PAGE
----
The joys of our American for-profit private healthcare finance system continue unalloyed for me. Now I am finally naming names, after having been coy about this up until this point for the sake of professionalism.
Yesterday I received a call from the main billing office at OHSU, the hospital that has been providing me with all my cancer care since day one of this horrible misadventure. I was told that my insurance carrier, UnitedHealthcare, had ruled the 1/7/2013 visit to my oncologist as out of network, and that financial responsibility for the bill was back to me, or I was free to take it up with the insurance company further. I pointed out that I had spoken to both UHC and OHSU repeatedly, and this was a billing mismatch of some kind, probably from OHSU’s end. I further pointed out that on the same damned bill they’d just sent me, later visits to my oncologist were correctly billed in-network. The OHSU billing rep was professional but not particular nice about this, reminding me they were giving me a courtesy call. I said the courtesy had gone out of this process a long time ago.
After we got off the phone, I tallied my contact notes on this issue in a spreadsheet. Counting yesterday’s calls (including a brief callback from the billing rep), I have placed or received sixteen separate phone calls on this matter, and with transfers spoken to or left voicemails for twenty-five people. (Note that some of those were multiple contacts with the same person, so that’s actually eighteen different people.)
So I opened complaints with the Oregon Attorney General’s Consumer Protection Division, as well as the Oregon Insurance Division. I also spoke to someone from the Joint Commission, that handles hospital accreditation, but they only review medical practice issues, not business issues. Finally, thanks to help from a friend, I also emailed a state senator who used to be a physician in practice at OHSU.
The email I sent the senator about sums it all up, so I’m reproducing the main body of the message here, with only the greeting redacted:
I am having an intractable problem with OHSU, specifically on the business side of the house. I am a late stage cancer patient, incurable, transitioning to terminal status. I have been seeing my oncologist at OHSU since 2009. I have had five major surgeries and over 1,500 hours of chemotherapy, all of that except the first of the surgeries under their care. On my 1/7/2013 office visit, my insurance company, UnitedHealthcare (UHC), classified my oncologist as out of network, despite their having always been in network. This resulted in much higher billing fees to me, $283.59 instead of my $40 office visit co-pay.
After multiple phone calls, I determined that OHSU had changed my oncologist’s billing address. This created a data mismatch between the hospital’s billed zip code and the insurance company’s in-network provider database.
In the three months since, I have spoken or left voicemail for 25 people across 16 phone calls to both OHSU and UHC. They are completely unable to resolve this billing data mismatch, even though both prior and subsequent visits to my oncologist have been correctly billed as in-network. I was told this morning (4/22) by OHSU that it was an insurance company problem and they could not resolve it. I have been told repeatedly by UHC that this is a billing problem and they cannot resolve it.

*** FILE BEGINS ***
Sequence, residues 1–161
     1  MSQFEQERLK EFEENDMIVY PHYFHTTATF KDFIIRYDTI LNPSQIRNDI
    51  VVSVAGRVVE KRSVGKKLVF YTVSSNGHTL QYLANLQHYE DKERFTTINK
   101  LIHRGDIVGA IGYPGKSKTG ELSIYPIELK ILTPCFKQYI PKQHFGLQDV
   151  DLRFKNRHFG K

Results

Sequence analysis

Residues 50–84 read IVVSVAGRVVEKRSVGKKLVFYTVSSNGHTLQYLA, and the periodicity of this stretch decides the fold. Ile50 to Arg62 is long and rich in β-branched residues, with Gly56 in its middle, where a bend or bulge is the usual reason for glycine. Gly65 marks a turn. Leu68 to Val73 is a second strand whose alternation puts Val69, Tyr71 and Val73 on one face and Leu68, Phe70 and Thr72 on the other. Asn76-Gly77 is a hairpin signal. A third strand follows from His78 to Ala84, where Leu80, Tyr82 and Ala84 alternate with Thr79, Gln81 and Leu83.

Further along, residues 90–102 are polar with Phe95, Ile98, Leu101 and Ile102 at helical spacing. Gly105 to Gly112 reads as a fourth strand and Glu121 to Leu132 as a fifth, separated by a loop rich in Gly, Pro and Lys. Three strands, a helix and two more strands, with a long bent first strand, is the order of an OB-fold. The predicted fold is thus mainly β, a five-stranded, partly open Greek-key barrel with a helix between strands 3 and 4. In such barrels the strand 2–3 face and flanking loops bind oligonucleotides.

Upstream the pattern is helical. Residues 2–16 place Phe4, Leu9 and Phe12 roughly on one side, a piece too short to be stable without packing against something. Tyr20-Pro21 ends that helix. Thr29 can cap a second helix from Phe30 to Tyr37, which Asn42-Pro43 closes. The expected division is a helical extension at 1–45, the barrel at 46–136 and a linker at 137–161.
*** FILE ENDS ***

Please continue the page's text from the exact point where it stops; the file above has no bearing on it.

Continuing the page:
I cannot fix this. I have no power over OHSU billing process or UHC’s claims process. In the last months of my life, I am spending many hours on the telephone pursuing this matter which apparently cannot be resolved from either end, resulting in me being held responsible for out of network charges.
While the amount in question is small, and I am by no means destitute, I should not have to pay this. I am covered by an employer sponsored plan, my oncologist is in network on my insurance policy; that should be the end of it. And the process has frustrated me sufficiently to make me want to continue to maintain the principled stance I have already taken.
As of today, I have opened complaints with the Oregon attorney general’s consumer protection division, and the Oregon insurance division. I’m not sure either of these is going to have any effect. I was hoping you might be able to direct me to a suitable path of management escalation within the OHSU organization, either in your capacity as a physician who has practiced there, or in your capacity as a state senator.
I can provide call logs documenting every conversation with OHSU, along with billing records from OHSU and claims management documents from UHC, as needed.
The basic problem is, of course, no one in authority at either OHSU or UHC has any particular motivation to fix this. The problem just goes around in circles at low levels and keeps getting referred back to me.
This is precisely what is wrong with our current healthcare finance system. The Affordable Care Act (Obamacare) only does a very partial job of fixing these kinds of problems. Civilized, humane societies with single payer systems don’t create this kind of hassle and heartbreak for their sick and dying. I’m a pretty articulate guy with good social and professional resources, and this is a small piece of billing. Imagine my position if the billing were substantial, one of my $100,000 surgeries, or if I were confused and baffled by paperwork and unable to untangle the repeat billing trails.
This is wrong. I wish the conservatives in this country who have opposed the process of healthcare reform were capable of the kind of empathy and understanding that lets them see past their ideological blinders to the hard reality of the system they so blithely support. And I fervently hope for their sakes that they never have to go through what I am going through. Self-evidently, their suffering means a great deal more to me than mine means to them.